Quitting smoking could be an ‘instant pay raise’ amid cost of living crisis, urges North East public health group

A leading health organization in the North East has urged smokers to quit – and reminded them it could ‘feel like an instant pay rise’.

Amid a cost of living crisis and rising inflation, regional tobacco control organization Fresh has highlighted how quitting cigarettes will improve both your finances and your health. Fresh has previously highlighted the link between smoking and poverty – more than four in ten households with smokers in our region live in poverty – and now bosses are hoping that saving life could be the motivation smokers need to permanently stop.

According to the organization’s analysis, a smoker who smokes 10 cigarettes a day will spend up to £1,642 a year. The organization wants people to use the idea of ​​what else that money could be spent on – it works out to £31 a week – to motivate them to quit. Fresh is also keen to highlight how quitting smoking will benefit your health and reduce stress and anxiety in the long run.

Read more: North East experts demand ‘long overdue’ new government alcohol action plan

Ailsa Rutter, Director of Fresh, said: “Smoking is a massive drain on the finances of many families in the North East. Day after day and week after week, it’s frightening to think of these rising costs. Stop smoking. Smoking might seem like an instant pay raise and create some financial peace of mind, but also means you can enjoy a few luxuries for yourself and the family.

“We know most smokers want to quit, but it can be difficult. A big motivation to try again is related to costs and what you can save by quitting – whether that’s for weekly errands or taking the kids on field trips. , new clothes, gifts for the kids, or even paying for the necessities of life like electricity and food, quitting smoking means you’ll save that money and ease some of your worries.”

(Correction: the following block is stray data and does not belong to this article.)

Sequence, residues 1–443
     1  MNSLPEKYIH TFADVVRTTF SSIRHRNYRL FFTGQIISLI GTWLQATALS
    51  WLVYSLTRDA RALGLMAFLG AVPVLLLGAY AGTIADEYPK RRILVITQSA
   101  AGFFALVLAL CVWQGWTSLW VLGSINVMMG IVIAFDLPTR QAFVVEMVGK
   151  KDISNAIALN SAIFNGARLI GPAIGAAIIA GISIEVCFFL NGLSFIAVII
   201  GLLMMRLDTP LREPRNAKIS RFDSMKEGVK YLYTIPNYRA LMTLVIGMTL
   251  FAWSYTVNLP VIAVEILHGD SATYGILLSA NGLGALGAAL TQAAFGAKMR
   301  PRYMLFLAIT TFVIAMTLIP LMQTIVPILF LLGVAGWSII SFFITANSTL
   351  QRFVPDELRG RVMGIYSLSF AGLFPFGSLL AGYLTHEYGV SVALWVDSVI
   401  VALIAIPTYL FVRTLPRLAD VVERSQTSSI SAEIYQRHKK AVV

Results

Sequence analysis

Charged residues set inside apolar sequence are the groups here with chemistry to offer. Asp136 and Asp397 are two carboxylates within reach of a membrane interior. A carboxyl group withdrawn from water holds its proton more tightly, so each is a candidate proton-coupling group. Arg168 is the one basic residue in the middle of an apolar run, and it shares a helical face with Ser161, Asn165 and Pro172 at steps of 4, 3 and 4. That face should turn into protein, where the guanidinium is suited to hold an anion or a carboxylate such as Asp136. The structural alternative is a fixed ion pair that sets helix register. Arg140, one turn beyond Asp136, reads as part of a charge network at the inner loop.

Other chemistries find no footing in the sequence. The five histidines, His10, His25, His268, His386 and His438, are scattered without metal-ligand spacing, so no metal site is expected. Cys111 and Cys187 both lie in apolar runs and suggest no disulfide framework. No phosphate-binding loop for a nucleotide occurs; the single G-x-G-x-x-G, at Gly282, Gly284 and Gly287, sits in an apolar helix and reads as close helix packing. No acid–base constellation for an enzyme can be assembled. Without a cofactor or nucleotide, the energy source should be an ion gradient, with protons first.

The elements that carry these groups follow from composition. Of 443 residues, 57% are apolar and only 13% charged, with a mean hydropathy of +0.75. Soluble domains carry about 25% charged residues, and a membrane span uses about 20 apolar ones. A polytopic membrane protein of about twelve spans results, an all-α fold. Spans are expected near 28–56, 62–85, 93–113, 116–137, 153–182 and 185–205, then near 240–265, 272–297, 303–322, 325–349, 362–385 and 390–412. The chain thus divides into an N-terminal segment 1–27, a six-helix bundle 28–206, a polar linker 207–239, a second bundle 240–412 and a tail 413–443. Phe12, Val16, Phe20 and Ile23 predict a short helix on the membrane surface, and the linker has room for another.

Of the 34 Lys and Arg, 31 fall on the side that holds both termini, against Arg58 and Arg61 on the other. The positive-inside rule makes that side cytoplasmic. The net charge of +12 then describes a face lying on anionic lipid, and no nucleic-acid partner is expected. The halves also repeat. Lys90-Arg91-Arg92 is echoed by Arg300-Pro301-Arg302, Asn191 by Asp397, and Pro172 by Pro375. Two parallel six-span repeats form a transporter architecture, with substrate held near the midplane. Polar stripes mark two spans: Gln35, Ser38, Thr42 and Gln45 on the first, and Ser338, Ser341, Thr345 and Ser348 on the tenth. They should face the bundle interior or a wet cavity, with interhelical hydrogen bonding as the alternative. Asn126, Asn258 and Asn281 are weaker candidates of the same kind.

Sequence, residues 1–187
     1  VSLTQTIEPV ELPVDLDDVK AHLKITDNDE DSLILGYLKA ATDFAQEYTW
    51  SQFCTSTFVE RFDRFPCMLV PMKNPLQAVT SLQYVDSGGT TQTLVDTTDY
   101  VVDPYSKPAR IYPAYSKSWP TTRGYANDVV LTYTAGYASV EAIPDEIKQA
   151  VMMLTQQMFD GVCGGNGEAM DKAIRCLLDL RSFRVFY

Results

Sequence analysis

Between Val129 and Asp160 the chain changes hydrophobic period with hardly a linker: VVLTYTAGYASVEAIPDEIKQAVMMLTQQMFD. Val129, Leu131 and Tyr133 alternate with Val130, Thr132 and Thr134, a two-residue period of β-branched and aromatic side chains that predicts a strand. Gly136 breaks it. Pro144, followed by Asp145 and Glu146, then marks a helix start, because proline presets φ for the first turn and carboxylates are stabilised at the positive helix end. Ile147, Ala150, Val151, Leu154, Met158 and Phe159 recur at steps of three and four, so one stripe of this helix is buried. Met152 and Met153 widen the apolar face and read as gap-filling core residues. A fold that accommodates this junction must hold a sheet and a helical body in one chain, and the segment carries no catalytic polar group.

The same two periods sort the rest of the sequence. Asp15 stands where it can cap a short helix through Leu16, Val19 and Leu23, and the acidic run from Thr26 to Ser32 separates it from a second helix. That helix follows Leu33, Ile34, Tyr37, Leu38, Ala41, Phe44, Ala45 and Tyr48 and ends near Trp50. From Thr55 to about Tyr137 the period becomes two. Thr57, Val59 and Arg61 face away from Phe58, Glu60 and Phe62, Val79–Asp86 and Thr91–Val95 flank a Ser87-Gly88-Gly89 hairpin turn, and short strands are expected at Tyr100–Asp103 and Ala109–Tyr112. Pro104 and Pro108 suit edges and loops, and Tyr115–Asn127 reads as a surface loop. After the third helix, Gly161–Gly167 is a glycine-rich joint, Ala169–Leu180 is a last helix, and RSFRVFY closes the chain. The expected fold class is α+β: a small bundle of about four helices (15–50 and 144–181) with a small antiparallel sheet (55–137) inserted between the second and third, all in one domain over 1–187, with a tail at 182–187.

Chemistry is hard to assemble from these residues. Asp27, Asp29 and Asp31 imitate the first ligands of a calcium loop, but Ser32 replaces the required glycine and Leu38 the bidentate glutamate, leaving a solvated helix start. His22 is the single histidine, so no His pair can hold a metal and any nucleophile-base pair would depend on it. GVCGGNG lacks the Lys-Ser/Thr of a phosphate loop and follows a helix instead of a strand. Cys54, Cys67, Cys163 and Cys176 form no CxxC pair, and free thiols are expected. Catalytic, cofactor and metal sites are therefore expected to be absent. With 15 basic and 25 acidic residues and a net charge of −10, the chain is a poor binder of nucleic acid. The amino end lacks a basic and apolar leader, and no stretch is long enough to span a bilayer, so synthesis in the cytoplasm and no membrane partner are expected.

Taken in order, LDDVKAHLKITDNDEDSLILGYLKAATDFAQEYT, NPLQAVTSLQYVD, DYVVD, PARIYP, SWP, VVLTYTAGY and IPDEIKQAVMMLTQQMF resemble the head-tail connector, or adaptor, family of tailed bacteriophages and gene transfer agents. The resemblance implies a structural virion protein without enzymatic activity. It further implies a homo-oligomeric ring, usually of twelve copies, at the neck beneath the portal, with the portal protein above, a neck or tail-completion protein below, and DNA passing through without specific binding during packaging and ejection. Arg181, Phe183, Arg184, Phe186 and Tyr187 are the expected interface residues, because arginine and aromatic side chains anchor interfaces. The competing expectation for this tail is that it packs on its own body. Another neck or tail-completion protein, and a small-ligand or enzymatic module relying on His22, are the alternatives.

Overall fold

Ms Rutter – who has previously made calls for the government to raise the legal age at which you can buy cigarettes to 21 – added that it was important to recognize that it was not as easy as simply deciding to ‘stop smoking. She said: “A lot of people struggle financially, but we have to remember that smoking is an addiction that usually starts in childhood and most smokers wish they could quit.

“Meanwhile, tobacco companies are profiting from addiction. It’s time for big tobacco companies to pay a tax for prevention and to help people quit.”

As part of the support available to help people in our area quit smoking, if you live in the North East and North Cumbria you can sign up for free support from Smoke Free app – which can be downloaded from getmesmokefree.com.

Fresh also published a series of top ten tips to help people quit smoking, including: Remember that sometimes people are able to quit without planning; that changing your routine can reduce the temptation to smoke and that making a list of reasons to quit can boost motivation.

The organization also recommends asking friends and family for help, being aware of help available from local smoking cessation services, and considering e-cigarettes.

Have you saved money by quitting smoking? Let us know in the comments below

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